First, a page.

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Put the Breaks on Fatalities Day is a nationwide campaign urging driver safety

Today, Oct. 10, is “Put the Brakes on Fatalities Day”. It’s a nationwide campaign encouraging motorists, passengers, pedestrians and cyclists to use caution every day and help prevent fatalities.

As part of the campaign, the Kansas Department of Transportation and its transportation safety partners have been publishing blogs to share the experiences of motorists, first responders and emergency dispatchers.

Their words tell the impact, in personal terms, of crashes. A few examples:

  • Debbie Lee, mother of Braden Woodson: “The voice on the other end was Braden, telling me he was hit by a semi… I share our story for several reasons but mostly because Braden was wearing his seat belt, and I believe the seat belt saved him from being thrown from the vehicle.”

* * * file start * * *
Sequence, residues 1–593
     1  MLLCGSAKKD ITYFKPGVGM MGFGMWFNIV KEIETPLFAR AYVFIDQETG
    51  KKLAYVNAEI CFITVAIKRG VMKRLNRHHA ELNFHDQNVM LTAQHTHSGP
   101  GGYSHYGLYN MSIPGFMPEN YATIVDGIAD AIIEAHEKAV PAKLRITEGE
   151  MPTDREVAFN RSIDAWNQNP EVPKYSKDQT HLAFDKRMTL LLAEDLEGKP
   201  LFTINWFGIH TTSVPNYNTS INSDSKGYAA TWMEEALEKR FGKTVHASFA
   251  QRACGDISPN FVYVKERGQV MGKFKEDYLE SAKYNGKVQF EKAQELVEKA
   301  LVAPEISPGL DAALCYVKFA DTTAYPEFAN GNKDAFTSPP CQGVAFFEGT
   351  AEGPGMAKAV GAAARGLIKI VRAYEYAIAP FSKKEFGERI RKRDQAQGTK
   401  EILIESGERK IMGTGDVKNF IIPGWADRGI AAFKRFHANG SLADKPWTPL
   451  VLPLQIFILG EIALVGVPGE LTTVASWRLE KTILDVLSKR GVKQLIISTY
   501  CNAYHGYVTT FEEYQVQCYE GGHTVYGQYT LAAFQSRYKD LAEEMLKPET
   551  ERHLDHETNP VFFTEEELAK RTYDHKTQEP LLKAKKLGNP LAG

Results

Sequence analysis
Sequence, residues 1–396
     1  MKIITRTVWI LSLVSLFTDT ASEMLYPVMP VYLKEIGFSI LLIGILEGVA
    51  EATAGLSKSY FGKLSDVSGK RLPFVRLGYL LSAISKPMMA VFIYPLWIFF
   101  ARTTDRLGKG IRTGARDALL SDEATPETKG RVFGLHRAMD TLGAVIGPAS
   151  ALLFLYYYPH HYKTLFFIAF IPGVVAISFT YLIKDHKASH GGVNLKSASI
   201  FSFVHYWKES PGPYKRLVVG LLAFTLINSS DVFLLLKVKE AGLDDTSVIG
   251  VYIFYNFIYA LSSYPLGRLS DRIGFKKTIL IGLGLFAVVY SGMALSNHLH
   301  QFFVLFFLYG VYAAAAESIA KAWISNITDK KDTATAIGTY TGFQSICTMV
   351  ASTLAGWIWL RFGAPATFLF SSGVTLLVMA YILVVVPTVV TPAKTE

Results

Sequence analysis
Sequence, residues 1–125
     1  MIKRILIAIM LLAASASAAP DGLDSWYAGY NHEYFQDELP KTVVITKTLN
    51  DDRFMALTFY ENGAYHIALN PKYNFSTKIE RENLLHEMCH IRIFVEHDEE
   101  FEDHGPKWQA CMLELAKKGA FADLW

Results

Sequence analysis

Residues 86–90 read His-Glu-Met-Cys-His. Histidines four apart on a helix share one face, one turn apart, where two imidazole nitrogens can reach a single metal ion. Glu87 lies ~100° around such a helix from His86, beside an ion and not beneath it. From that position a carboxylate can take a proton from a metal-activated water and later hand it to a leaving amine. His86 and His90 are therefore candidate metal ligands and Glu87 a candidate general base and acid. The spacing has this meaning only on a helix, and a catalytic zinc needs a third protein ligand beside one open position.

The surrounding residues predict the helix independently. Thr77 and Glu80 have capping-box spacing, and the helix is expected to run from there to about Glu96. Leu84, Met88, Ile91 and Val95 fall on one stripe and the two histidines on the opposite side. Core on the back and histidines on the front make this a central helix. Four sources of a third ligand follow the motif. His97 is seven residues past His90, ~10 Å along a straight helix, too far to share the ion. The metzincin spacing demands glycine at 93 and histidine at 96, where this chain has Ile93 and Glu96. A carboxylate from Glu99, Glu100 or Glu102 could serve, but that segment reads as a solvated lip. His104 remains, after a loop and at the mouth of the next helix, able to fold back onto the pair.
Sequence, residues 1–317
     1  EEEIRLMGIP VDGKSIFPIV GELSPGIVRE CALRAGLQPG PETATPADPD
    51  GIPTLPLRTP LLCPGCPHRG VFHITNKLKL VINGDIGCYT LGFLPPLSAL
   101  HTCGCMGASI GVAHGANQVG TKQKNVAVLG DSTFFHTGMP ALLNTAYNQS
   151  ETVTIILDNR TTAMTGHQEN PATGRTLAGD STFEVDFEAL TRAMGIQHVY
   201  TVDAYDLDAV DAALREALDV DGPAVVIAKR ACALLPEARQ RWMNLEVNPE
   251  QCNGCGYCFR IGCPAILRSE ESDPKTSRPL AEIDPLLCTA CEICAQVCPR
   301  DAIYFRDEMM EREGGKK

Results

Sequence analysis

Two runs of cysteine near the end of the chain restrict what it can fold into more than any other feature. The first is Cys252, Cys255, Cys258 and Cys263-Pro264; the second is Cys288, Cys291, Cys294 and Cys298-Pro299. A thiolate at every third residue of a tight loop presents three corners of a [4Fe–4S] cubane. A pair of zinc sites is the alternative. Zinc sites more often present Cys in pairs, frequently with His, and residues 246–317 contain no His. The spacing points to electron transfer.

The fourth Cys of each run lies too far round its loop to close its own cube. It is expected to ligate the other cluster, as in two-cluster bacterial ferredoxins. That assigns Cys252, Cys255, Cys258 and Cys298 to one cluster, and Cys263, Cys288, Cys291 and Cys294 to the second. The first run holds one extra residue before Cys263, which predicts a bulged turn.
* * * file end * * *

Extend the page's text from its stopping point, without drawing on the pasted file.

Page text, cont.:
• Reno County 911 dispatcher Megan Miller: “It’s hard not to get emotionally attached. … When it comes to kids, that’s a rough one.”
  • Tanner Blakesley: “I was a road trooper in the Topeka area for two years when I woke up in a ditch. The driver of the vehicle we had stopped was standing over me, asking me if I was okay. I realized I had been hit by my patrol car after a passing vehicle struck the rear of my car at full highway speed. Since that day, I have become a strong enforcer of the ‘Move Over Law’.”

Numbers showing the impact of traffic crashes:

  • In 2020, 425 people died in crashes in Kansas, according to KDOT.
  • According to the National Highway Traffic Safety Administration, 38,824 people died in crashes across the nation in 2020 – an average of 106 traffic deaths a day.
  • Inattention has been the biggest factor in all Kansas crashes for many years, accounting for almost one in five crashes. To avoid distractions, the experts say: Keep your eyes on the road. Hands on the wheel. Mind on driving. Remember this: The average time a person’s eyes leave the road while texting and driving is 5 seconds – enough time to traverse a football field at 55 mph.
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